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Medvedev Calls for Pussy Riot Release

APA jailed Pussy Riot member’s husband departing the town of Partsa after being denied permission to see his wife.

PARTSA, Mordovia Republic — Prime Minister Dmitry Medvedev said the women in the Pussy Riot punk band serving two-year prison sentences should be set free, while a band member's husband tried to visit his wife in jail in the Mordovia republic.

Medvedev said Friday that he detested Pussy Riot's performance of a "punk prayer" at Moscow's Christ the Savior Cathedral during which they pleaded with the Virgin Mary for deliverance from President Vladimir Putin.

But Medvedev added the women have been in prison long enough and should be released.

He made a similar statement before October's appeal hearings, fueling speculation about their possible release.

Three members of the band were convicted on hooliganism charges in August. One of them, Yekaterina Samutsevich, was released on appeal last month, but the other two, Nadezhda Tolokonnikova and Maria Alyokhina, were sent to prison camps to serve their sentences.

Also Friday, Tolokonnikova's husband, Pyotr Verzilov, was turned away by authorities when he tried to visit her at a prison camp in the village of Partsa in Mordovia, a region known for the gulag camps filled with tens of thousands of inmates in the 1930s.

He had brought paperwork regarding the ongoing legal drama of the Pussy Riot trial that should have enabled him to meet his wife on prison grounds. But he was told that she remains in quarantine for several more days.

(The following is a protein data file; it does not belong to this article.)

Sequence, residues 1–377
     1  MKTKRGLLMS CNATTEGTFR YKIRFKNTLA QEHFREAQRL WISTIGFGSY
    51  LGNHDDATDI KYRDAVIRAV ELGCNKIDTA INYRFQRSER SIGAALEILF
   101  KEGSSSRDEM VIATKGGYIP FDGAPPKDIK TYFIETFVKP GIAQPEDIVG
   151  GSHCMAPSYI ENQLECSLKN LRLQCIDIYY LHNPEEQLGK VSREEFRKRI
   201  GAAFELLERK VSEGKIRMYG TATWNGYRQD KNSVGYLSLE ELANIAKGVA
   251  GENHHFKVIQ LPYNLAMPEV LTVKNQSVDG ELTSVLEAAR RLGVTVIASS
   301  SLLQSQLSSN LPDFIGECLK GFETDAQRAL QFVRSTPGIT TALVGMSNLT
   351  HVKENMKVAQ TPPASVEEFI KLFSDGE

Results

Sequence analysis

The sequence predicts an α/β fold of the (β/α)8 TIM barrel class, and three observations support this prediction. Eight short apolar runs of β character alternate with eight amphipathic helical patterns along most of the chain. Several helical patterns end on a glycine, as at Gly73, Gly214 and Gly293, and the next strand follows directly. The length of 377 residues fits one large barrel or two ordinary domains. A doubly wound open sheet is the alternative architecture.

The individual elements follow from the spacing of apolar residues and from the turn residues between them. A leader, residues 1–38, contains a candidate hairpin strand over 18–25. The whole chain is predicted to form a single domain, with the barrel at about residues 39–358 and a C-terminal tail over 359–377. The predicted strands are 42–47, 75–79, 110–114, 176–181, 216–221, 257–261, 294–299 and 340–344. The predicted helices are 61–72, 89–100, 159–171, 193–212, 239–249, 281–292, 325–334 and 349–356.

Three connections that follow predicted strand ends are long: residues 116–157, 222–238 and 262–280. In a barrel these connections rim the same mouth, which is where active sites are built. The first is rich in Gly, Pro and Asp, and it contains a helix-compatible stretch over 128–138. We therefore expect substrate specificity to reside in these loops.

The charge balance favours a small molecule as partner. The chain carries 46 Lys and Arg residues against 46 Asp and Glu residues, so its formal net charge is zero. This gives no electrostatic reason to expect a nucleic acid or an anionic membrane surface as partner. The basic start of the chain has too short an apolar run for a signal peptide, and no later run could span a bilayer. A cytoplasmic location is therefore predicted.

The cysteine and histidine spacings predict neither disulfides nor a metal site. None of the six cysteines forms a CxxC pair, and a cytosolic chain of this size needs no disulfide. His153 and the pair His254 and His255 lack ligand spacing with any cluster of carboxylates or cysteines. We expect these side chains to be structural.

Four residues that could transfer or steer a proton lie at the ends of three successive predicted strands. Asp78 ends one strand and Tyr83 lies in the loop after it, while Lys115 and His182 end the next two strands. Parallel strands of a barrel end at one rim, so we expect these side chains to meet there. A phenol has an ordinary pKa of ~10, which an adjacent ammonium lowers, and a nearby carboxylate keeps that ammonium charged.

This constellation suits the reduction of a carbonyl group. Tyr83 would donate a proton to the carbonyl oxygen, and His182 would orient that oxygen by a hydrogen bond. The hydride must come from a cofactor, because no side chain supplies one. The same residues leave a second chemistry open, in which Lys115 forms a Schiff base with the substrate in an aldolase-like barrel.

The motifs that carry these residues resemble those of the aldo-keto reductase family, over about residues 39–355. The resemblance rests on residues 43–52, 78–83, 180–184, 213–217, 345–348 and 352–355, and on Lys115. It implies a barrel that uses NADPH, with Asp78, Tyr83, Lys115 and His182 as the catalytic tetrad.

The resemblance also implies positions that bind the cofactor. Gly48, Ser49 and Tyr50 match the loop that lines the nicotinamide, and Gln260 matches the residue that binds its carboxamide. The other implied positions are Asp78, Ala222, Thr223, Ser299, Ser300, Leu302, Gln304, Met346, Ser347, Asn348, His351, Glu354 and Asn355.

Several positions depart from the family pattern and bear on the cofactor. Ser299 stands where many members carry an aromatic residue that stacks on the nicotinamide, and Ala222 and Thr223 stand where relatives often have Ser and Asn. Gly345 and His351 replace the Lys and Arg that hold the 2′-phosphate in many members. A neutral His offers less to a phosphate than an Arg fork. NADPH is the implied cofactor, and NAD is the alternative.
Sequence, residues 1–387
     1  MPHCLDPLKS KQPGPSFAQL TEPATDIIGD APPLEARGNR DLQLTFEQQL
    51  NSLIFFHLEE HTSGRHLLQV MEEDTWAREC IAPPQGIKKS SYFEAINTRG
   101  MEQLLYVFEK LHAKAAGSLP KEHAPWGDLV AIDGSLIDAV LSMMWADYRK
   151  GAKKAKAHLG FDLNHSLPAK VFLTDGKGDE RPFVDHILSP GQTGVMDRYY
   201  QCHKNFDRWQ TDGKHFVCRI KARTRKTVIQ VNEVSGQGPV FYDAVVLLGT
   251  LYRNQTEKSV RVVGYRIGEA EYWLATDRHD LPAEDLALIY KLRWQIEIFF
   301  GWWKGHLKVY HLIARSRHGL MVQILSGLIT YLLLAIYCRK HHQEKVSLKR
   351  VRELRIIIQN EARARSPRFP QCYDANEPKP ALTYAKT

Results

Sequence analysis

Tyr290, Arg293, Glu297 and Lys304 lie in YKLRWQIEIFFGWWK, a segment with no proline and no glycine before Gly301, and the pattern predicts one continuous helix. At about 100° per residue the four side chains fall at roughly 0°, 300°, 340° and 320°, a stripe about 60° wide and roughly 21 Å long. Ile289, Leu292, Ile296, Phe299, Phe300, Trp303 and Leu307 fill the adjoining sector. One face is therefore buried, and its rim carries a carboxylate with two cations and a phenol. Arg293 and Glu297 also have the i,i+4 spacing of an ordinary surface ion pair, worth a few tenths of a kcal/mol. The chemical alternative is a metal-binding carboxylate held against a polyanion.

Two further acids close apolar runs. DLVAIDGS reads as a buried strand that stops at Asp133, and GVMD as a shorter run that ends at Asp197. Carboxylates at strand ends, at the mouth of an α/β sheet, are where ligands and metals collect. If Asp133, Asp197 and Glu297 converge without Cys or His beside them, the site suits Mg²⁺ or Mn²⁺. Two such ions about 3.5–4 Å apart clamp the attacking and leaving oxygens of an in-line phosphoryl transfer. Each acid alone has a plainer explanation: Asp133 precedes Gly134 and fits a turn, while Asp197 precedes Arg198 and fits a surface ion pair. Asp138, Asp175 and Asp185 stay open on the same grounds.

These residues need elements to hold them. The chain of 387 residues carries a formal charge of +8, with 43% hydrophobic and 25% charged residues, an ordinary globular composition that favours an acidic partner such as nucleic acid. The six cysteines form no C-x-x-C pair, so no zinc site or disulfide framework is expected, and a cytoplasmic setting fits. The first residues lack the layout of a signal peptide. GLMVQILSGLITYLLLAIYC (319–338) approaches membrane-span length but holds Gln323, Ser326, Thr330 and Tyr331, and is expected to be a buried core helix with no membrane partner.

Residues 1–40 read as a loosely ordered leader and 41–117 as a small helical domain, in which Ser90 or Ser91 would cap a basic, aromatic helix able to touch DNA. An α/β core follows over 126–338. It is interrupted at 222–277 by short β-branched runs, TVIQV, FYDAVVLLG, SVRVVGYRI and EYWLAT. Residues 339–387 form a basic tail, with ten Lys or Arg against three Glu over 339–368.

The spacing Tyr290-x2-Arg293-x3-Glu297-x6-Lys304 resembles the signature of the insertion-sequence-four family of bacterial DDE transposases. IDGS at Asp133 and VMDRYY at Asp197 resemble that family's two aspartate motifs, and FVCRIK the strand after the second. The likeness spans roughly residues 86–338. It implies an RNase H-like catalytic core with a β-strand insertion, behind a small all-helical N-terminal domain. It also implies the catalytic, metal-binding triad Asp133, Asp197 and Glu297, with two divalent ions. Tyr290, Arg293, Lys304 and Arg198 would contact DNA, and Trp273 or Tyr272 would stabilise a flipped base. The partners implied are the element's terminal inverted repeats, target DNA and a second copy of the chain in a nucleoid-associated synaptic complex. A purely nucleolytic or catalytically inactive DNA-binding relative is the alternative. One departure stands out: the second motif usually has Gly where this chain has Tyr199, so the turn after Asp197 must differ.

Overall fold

Tolokonnikova and a team of lawyers are planning an appeal to a regional court, requesting that her sentence be put off until the couple's daughter, 4-year-old Gera, is 14, Verzilov said.

Verzilov said his wife has been treated well by prison officials, but he attributed that to the publicity stirred up by the trial.

"All that would be needed here would be an order from someone high-placed in Moscow who'd say, 'Press her, make her feel the real Russian prison,'" Verzilov said. "People follow the instructions they are given from the top."

The women are woken up at 6:30 a.m., and their workday begins at 7:30 a.m. and continues for eight hours by law, but sometimes more. Most of the women in Tolokonnikova's prison work in the sewing industry, where they make clothes for Russia's special and civil services.

Tolokonnikova has not yet begun working mandatory shifts, but was offered the chance to break some asphalt within the prison compound a week ago, a task she undertook with fervor after being cooped up for too long, Verzilov said.

Relatives are allowed to visit the women inside the prison for several hours, six times a year. Conjugal visits, for three days, are permitted four times per year. With the right stack of paperwork, prisoners are allowed food, books, medicine and clothes — in black, the uniform of the prison — from relatives and friends.

Meanwhile, the country's main patent agency refused to register the words "Pussy Riot" as a trademark, Rospatent said Friday. The agency did not provide any details on why the request was turned down.

The registration request came from a company that belongs to the wife of the band's lawyer, Mark Feigin. Feigin tweeted that he will try to register the trademark in the West.

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